The United States Congress designated the Hunter-Fryingpan Wilderness (map
) in 1978 and it now has a total of 82,026 acres
All of this wilderness is located in Colorado
and is managed by the Forest Service.
The Hunter-Fryingpan Wilderness is bordered by
the Mount Massive Wilderness
to the east.
Snuggled in between the more spectacular Colorado Wildernesses of Holy Cross on the north, Maroon Bells-Snowmass on the west, and Collegiate Peaks on the south, Hunter-Fryingpan lies all but forgotten. It rises to the Continental Divide, sharing its eastern border and the divide with Mount Massive Wilderness. The two are one geographically speaking, and almost became one legislatively. Holding the headwaters of Hunter Creek and the Fryingpan River, many streams in this area provide excellent habitats for large numbers of trout. Here you'll find many of the unnamed and tortured peaks of the Williams Mountains. Forests of aspen in the lower elevations, as well as spruce and fir higher up, are thick and dark, and open on alpine tundra dappled colorfully with summer wildflowers. In the silence of this Wilderness, you'll probably see wildlife that includes elk, mule deer, and secretive smaller, fur-bearing animals. A rich forest of 8,300 acres along Spruce Creek on the northwest side was added to the original Wilderness in 1993.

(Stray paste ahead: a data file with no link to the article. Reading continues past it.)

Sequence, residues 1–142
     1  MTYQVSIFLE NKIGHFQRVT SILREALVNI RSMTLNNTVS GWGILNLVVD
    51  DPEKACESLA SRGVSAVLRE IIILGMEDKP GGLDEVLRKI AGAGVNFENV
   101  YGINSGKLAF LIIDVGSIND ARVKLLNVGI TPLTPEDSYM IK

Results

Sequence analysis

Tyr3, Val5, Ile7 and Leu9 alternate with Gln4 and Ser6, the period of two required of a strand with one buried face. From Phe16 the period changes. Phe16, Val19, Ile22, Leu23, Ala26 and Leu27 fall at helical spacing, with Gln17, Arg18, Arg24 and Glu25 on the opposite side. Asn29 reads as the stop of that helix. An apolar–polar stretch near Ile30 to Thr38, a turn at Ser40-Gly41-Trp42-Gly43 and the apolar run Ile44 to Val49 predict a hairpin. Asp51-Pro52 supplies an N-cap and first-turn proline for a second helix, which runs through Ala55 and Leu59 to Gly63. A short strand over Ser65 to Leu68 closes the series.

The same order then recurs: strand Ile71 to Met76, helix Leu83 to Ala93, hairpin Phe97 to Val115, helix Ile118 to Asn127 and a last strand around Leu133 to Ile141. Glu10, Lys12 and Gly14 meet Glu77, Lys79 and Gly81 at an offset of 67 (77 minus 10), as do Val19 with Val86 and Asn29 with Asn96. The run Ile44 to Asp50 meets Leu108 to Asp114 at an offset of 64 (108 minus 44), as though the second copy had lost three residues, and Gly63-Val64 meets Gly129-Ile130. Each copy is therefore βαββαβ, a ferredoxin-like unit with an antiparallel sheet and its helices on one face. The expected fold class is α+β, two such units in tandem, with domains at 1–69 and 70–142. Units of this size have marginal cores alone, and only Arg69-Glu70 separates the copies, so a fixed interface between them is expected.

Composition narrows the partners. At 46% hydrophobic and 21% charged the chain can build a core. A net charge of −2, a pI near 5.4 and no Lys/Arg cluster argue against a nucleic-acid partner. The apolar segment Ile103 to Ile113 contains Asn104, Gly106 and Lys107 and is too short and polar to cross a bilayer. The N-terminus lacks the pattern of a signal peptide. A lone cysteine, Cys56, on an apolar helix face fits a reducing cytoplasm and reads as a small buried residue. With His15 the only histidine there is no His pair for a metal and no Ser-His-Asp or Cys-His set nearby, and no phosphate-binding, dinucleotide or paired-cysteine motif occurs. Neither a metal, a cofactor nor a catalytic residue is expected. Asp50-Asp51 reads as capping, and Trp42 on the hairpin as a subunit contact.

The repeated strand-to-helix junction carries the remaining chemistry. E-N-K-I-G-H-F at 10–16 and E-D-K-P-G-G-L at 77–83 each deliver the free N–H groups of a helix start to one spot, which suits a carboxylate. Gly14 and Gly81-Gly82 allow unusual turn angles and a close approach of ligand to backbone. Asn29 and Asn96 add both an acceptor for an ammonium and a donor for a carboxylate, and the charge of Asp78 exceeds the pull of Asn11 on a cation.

About 65 miles of trail cross the area, climbing up drainages into the Williams Mountains. The Lost Man Trail up Lost Man Creek crosses South Fork Pass and continues down the South Fork of the Fryingpan River (about 10 miles distance), providing access to the heart of the Wilderness. Many opportunities for solitude exist here.